Discussion encouraged after House of Rep. vote

Discussion encouraged after House of Rep. vote

On Jan. 13 the House of Representatives made the historic vote to repeal the Affordable Care Act (ACA), which is commonly referred to as Obamacare.

No matter what stance one takes on the ACA it is undeniable that the effects of this decision will ripple into the lives of many American citizens, including those who walk this campus every day.

The impact of this decision was already seen on this campus as students were heard discussing politics and the effects of this vote on a Friday afternoon, rather than choosing to tune out the world around them and start their weekend early.

For that reason, the Old Gold & Black Editorial Staff felt it would be imprudent to ignore this issue.

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Although our staff is composed of some students who identify as Republicans and others as Democrats — and many of us have different views on whether or not the ACA should be repealed — we all agree that some form of public healthcare option should be available for those in need.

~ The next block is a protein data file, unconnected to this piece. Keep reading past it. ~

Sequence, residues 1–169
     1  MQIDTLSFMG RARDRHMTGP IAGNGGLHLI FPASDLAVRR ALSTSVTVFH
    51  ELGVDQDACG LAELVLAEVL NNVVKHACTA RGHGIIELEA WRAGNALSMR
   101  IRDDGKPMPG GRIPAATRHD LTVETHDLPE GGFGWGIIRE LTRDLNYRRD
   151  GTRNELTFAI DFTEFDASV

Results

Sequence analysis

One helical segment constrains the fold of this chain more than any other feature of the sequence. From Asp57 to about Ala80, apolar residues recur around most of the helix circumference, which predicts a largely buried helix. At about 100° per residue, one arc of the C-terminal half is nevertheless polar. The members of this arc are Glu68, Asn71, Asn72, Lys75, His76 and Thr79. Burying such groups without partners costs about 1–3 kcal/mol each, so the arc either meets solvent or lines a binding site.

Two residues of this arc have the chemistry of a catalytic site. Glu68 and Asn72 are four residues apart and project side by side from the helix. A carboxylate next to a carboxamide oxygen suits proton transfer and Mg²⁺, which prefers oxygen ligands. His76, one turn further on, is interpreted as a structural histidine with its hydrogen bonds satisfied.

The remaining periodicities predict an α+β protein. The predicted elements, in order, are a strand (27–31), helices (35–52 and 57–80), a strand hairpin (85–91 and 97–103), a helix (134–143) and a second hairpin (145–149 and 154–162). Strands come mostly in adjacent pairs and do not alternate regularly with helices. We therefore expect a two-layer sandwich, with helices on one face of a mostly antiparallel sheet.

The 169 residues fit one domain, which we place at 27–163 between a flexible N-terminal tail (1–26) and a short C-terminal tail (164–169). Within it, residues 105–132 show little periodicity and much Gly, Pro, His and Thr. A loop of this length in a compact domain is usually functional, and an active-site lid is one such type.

As President Obama said in his farewell address, “anyone that can put together a plan that is demonstrably better than the improvements we’ve made to our healthcare system that covers as many people at less cost, I will publicly support it. Because that, after all, is why we serve. Not to score points or take credit. But to make people’s lives better.”

It is time we recognize this attitude towards policy and put aside the partisan differences that lead to gridlock. As a democratic nation, we must work together to develop a plan to keep our country and its citizens safe and secure.

The reality of the situation is that this vote puts our country one step closer to dismantling the ACA and leaving millions without healthcare. But rather than accusing and pointing fingers, we must cooperate and make compromises on both sides of the party divide.

It is not the first time that a policy has been repealed and revised. In 1996, President Clinton and the Republicans in Congress replaced the old U.S. welfare system with a new one, which eliminated poor Americans’ entitlement to government-provided financial help based on their incomes.

But rather than ripping up this plan immediately, changes were made over time. This set a clear precedent of how we as a country can collaborate and avoid an immediate crisis.

As the Editorial Staff, we urge students to not root their arguments in hatred and ideological differences, but rather focus their discussions around the values of listening and collaboration.

It is through fruitful discourse that compromises are made and we can develop plans to best benefit our community.

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